Why Disabling Windows Low Disk Space Warning Notification Can Be A Mistake

 

 

If you have not noticed, many Tech How-To's tell you that Windows low disk space warning pop-ups are annoying and the best solution is to disable the notification. For the most part I agree, it is annoying, but I don't agree with just disabling the notification warning.

Why? Because there is good reason to the low disk warnings triggering the notification that could potentially lead to loss of data or cause Windows to shutdown an important component.

 

 

 

 

The obvious reason for the warning is because you are low on disk space. But the Windows monitoring component that's causing the notifications is the SRService, known as System Restore Service. Not just an annoying notification Microsoft want to irritate people with.

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As sometimes controversial as System Restore service can be, it is a useful tool that can be used to restore your computer to a previous state due to harmful changes such as a virus, spyware, or if the installation of software causes more trouble than it's worth.

Additionally, the operation of Windows can be effected, such as expanding the page file if there is not enough space available.

From the above screen shot, no matter how many logical drives or partitions you have, when disk space dips below 200 MB of free space on the drive, Windows suspends System Restore not just on the drive that is low on disk space, but on all drives. Including the System drive.

If you do not free up disk space on the drive, the next set of warnings occur at 80 MB and 50 MB thresholds with frequency of notification messages increasing each time. In order to compensate, Windows now needs to free up disk space by deleting previous restore points based on a calculation.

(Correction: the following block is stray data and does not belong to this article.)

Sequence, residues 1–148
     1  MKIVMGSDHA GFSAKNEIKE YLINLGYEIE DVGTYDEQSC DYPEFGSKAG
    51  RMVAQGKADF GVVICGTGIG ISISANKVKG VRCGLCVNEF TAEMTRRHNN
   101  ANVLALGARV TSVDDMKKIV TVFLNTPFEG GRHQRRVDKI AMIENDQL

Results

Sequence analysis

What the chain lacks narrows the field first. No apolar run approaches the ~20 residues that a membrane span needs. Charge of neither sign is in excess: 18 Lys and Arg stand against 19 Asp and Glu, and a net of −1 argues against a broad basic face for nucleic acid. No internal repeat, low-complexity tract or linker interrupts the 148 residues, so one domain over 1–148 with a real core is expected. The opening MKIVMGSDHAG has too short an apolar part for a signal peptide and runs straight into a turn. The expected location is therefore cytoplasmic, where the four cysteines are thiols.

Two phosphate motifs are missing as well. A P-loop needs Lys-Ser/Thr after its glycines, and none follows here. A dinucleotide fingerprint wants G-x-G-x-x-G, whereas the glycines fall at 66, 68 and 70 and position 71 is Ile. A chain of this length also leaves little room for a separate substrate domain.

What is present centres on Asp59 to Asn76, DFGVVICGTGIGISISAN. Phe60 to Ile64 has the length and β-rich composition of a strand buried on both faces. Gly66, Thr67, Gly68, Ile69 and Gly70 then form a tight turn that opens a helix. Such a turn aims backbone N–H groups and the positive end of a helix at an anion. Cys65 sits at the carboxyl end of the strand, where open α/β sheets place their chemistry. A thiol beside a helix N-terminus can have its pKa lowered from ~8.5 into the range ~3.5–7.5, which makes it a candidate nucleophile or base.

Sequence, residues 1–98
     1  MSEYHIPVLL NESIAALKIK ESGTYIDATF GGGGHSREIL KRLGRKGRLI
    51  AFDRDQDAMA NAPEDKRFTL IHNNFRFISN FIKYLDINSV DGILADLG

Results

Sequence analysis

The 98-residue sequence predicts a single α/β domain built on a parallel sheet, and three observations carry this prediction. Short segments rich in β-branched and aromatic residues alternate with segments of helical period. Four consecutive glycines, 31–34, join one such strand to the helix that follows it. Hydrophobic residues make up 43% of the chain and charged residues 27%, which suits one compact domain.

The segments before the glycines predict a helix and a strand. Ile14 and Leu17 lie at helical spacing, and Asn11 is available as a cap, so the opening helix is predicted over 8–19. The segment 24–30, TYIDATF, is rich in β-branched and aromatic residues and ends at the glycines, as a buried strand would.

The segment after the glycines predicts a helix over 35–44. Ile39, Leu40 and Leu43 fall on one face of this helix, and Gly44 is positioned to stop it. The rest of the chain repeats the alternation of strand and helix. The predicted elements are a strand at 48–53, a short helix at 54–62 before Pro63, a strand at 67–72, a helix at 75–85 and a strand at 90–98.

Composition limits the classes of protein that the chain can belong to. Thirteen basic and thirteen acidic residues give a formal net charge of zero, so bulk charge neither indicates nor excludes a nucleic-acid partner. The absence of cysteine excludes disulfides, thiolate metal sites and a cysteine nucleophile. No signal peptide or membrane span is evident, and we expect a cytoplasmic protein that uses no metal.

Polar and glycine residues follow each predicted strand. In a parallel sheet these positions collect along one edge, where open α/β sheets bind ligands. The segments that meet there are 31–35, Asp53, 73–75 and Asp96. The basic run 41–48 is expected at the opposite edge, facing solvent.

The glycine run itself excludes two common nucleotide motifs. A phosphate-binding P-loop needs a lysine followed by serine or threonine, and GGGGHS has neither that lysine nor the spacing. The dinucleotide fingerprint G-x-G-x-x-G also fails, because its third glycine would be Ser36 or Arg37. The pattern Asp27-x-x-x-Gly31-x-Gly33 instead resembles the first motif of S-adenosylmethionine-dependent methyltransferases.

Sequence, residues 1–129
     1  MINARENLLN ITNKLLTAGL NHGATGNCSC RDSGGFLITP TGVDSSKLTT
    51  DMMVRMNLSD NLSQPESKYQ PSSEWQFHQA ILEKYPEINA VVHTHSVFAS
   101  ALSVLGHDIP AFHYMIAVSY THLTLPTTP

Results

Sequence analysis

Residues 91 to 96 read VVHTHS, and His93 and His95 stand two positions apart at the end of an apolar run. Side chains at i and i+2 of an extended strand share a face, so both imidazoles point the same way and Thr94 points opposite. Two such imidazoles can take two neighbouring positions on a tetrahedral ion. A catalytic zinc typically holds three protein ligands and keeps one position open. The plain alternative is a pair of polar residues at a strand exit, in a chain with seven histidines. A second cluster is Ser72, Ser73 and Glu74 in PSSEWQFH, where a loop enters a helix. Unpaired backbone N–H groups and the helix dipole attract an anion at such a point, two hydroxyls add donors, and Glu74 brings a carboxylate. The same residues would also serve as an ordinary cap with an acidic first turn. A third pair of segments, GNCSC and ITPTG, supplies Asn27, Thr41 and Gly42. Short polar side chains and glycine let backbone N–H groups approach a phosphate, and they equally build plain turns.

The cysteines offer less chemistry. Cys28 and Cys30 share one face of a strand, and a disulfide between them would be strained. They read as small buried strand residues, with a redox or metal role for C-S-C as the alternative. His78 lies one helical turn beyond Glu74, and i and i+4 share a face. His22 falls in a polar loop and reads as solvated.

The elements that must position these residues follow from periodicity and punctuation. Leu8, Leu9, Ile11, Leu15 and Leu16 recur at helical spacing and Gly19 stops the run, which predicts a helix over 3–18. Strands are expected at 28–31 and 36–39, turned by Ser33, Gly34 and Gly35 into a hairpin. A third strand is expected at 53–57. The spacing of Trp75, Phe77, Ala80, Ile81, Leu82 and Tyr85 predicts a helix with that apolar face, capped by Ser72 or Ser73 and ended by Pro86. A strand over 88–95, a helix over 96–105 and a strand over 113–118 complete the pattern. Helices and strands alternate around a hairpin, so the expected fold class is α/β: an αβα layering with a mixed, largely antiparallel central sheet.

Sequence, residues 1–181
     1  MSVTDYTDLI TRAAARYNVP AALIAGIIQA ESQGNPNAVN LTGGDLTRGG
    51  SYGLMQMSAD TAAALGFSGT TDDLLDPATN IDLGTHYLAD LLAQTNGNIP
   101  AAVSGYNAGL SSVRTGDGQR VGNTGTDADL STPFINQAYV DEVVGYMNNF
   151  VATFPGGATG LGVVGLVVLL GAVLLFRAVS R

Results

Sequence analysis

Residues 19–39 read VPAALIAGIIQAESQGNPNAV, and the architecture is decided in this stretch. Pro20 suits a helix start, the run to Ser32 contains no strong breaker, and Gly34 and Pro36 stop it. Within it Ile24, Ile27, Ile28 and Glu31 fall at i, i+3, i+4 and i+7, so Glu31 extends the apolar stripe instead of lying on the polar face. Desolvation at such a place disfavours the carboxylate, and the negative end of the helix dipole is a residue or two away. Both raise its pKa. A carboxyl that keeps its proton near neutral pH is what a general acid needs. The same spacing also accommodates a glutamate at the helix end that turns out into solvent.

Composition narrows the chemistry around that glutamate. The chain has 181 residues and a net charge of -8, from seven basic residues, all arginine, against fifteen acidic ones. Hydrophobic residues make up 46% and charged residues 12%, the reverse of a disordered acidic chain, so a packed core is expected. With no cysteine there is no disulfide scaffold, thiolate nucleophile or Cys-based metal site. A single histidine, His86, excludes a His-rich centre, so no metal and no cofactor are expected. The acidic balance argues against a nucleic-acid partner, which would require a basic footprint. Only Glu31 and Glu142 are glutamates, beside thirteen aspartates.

If you continue to use up the remaining space, no current restore points are created. With out restore points available, you will not be able to restore back in time if needed.

Once free disk space reaches 200 MB, Windows enables System Restore service and stops sending the notifications (any previous restore points that Windows deleted are permanently lost).

With low disk warning notifications disabled, you will never see the balloon pop-ups, unless you check the System event log, which many home Window users don't do or know how to view the event log.

NOTE: To view Windows Event Logs, click on Start \ Run and in the run box type eventvrw and click OK.

An Alternative Method

If you insist on disabling the low disk warnings, you need to provide an alternative solution for having Windows alert you when disk drives are low on space. I have not found a decent freeware solution yet (if you know of one, let me know!)

There are many software products available for a price, two of which are pretty good.

Space Patrol (JD Designs – $14.24) runs on all versions of Windows (including Vista) and allows you to set low disk space thresholds to any value you want. Installation is simple and configuration is easy. During the trial period settings are lost once you logoff or shutdown Windows and will need to be reset at each logon. Once you purchase a license, settings are retained.

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 Notifications of low disk space appear as a balloon pop-up, alerting you of which drive and the amount of free space available. Space Patrol starts monitoring when you logon to Windows.

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  Abaiko Disk Space Monitor (Abaiko Software – 14.95 for Personal License) runs on Windows 2000, XP, 2003 or Vista. 30 day trial is available.

Installation and configuration is simple. Disk Space Monitor gives your more control with settings by allowing you to select low disk space thresholds in Bytes (KB, MB, GB) or as percent. Additionally you can modify the frequency for checking disk space and warning notifications.

windiskspace3.png

 Notifications of low disk space appear as a balloon pop-up, alerting you of which drive and the amount of free space available. Disk Space Monitor starts monitoring when you logon to Windows.

windiskspace4.png

 Both Space Patrol and Disk Space monitor do a nice job of monitoring disk space and should be a nice alternative for disabling Windows low disk space notifications. Each product provides support on their web sites.

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Dylan Austin

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Whenever I have a problem, I sing. Then I realize my voice is worse than my problem.

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